Swine Training graduates say they liked what they learned

More opportunities are planned

By Carol Stender

WASECA, Minn. -- Instead of caps and gowns, the first "graduates" of the Swine Training Program wore coveralls and boots.

Their graduation site was the Southern Research and Outreach Center's swine facility, where the group finished its final training session.


The students were all hog producers or swine farm workers attending the pilot program's course on breeding and gestation management. The group had attended four classroom sessions in July where topics of mating systems, successful gilt introduction, breeding practices, pregnancy management and troubleshooting reproductive failure were discussed. In August, the class of 21 was split so smaller units could have a hands-on opportunity at the SROC for artificial insemination, estrus detection and pregnancy detection.

"Our plan was to keep the class size small at 20 but we did let 21 in," said Gene Tinker of the SROC. "We wanted to have a lot of interaction and discussion."

Students said that, while they already knew some of the material, they learned from hearing the information again and liked talking to others. They also were interested in the SROC facility and its research on breeding and gestation programs.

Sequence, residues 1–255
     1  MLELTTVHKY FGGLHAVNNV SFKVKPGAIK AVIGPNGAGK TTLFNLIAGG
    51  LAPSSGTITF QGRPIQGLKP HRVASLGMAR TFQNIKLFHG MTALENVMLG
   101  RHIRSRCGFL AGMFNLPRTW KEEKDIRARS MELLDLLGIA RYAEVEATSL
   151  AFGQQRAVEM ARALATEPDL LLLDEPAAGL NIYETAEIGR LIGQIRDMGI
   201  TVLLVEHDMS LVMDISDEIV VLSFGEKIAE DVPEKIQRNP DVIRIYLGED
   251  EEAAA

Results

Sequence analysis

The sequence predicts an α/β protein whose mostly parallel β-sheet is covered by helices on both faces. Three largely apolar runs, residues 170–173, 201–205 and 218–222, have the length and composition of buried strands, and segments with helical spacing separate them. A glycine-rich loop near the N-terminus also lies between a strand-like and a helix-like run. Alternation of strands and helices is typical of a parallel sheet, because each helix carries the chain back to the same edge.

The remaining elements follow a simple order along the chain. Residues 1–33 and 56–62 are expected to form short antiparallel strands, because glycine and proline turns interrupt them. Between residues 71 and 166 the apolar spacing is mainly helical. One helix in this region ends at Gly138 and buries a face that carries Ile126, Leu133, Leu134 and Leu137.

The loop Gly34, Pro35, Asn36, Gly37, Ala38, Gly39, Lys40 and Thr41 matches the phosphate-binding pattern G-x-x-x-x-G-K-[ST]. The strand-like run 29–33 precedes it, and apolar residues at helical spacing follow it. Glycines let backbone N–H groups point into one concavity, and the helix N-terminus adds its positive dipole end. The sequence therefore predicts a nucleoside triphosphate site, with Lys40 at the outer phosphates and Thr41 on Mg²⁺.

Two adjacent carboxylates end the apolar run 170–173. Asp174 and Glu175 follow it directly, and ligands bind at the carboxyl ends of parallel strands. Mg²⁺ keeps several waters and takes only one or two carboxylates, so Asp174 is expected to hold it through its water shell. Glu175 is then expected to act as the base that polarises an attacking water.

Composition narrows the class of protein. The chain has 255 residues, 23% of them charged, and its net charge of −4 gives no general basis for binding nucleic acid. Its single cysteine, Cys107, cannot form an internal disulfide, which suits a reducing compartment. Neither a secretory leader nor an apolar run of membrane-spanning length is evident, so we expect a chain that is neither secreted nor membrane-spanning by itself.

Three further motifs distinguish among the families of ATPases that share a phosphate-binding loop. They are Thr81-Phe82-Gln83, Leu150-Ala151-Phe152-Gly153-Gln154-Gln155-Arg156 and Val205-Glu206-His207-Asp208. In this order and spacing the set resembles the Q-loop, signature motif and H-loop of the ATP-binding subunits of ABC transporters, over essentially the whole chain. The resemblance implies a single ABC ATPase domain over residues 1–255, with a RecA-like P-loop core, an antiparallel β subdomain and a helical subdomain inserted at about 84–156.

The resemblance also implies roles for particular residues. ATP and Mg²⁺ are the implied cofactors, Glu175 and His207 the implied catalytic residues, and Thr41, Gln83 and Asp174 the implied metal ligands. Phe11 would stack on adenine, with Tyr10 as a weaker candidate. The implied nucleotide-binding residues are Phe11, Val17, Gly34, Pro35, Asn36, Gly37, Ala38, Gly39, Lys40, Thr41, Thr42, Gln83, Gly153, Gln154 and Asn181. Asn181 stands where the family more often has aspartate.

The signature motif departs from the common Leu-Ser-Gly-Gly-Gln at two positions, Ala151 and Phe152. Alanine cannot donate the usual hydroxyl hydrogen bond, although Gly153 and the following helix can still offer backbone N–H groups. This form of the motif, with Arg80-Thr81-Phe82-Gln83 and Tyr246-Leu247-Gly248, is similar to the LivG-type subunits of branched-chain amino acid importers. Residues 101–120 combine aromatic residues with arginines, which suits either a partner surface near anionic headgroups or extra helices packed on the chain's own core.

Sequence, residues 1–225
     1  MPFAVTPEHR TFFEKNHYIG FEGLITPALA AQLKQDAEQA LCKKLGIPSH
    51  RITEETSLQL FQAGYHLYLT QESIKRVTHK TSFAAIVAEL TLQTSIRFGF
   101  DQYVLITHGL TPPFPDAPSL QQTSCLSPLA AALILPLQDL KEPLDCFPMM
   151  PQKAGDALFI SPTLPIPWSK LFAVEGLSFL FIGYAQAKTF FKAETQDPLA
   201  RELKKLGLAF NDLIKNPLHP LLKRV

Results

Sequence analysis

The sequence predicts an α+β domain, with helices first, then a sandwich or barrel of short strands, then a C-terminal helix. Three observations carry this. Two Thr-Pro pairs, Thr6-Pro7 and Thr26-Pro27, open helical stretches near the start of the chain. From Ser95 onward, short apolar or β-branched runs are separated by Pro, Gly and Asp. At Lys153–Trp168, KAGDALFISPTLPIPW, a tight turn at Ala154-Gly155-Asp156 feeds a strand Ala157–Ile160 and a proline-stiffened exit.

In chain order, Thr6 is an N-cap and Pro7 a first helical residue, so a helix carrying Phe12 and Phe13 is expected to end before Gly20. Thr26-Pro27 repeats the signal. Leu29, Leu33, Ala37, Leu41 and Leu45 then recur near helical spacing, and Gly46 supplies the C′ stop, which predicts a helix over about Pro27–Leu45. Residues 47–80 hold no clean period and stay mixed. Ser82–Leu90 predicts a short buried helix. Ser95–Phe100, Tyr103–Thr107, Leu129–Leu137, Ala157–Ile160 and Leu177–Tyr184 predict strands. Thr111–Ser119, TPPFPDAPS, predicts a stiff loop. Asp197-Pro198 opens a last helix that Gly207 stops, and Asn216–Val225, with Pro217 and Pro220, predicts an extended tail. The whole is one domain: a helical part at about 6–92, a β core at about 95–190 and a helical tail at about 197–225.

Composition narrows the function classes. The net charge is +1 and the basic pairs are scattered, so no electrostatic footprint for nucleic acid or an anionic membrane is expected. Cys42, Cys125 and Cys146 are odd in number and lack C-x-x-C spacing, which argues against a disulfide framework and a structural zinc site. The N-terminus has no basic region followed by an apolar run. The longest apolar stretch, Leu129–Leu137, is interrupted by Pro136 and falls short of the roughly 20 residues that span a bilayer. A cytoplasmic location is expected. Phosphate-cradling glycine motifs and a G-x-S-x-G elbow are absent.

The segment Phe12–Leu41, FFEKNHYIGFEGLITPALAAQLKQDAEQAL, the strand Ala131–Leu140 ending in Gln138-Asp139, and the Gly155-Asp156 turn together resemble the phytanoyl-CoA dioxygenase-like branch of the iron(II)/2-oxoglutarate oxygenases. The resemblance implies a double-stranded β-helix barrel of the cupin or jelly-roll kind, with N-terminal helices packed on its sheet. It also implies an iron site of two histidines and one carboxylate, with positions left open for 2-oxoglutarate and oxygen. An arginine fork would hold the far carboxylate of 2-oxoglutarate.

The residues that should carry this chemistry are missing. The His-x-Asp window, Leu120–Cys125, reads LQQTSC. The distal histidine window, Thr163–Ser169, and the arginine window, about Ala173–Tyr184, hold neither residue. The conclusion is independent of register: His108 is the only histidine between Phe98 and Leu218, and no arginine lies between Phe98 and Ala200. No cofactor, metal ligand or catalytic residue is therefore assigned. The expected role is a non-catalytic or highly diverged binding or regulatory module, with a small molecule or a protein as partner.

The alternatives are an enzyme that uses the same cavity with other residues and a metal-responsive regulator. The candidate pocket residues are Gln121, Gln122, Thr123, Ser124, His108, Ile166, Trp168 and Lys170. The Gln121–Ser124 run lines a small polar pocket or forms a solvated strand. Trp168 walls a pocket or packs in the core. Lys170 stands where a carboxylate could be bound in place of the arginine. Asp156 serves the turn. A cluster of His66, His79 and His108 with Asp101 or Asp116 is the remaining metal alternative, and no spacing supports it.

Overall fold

The curriculum was developed by the National Pork Board and has been offered in other states. This is Minnesota's first offering of the program, which is sponsored by the Minnesota Pork Producers Association, the Extension Service and University of Minnesota Swine Center. The program is implemented through a committee that will evaluate the first session and plan other courses. The group hopes to add more topics and expand it statewide.

Curriculum is geared toward all types of hog production .

The group attending the first course was diverse. Byron Anderson of Hugo is a veteran hog producer who left the industry in the 1980s when hog markets dropped. He's been out of the business for 15 years, but has started raising hogs again mainly to provide swine for 4-H members, including his own grandchildren. Anderson appreciated the hands-on training in artificial insemination. Anderson plans to use AI for the bulk of his breeding operation.

Andy Reichel works for Lake Country Farms, a 2,500-sow facility near Vernon Center. He grew up in Mankato with no production experience but sought a job at Lake Country after his mother-in-law talked about the swine industry. He's worked with Lake Country for almost three years in the breeding and gestation area.

"This session helped me with the selection of the animals and the conditioning of them," he said. "It was what I wanted to get out of it."


Steve Ward of St. Peter raised hogs for 25 years but quit in 1995. He enjoys working with swine and sought a job with a local 600-sow unit operation. Like others, Ward said he would like to attend more sessions in the future.

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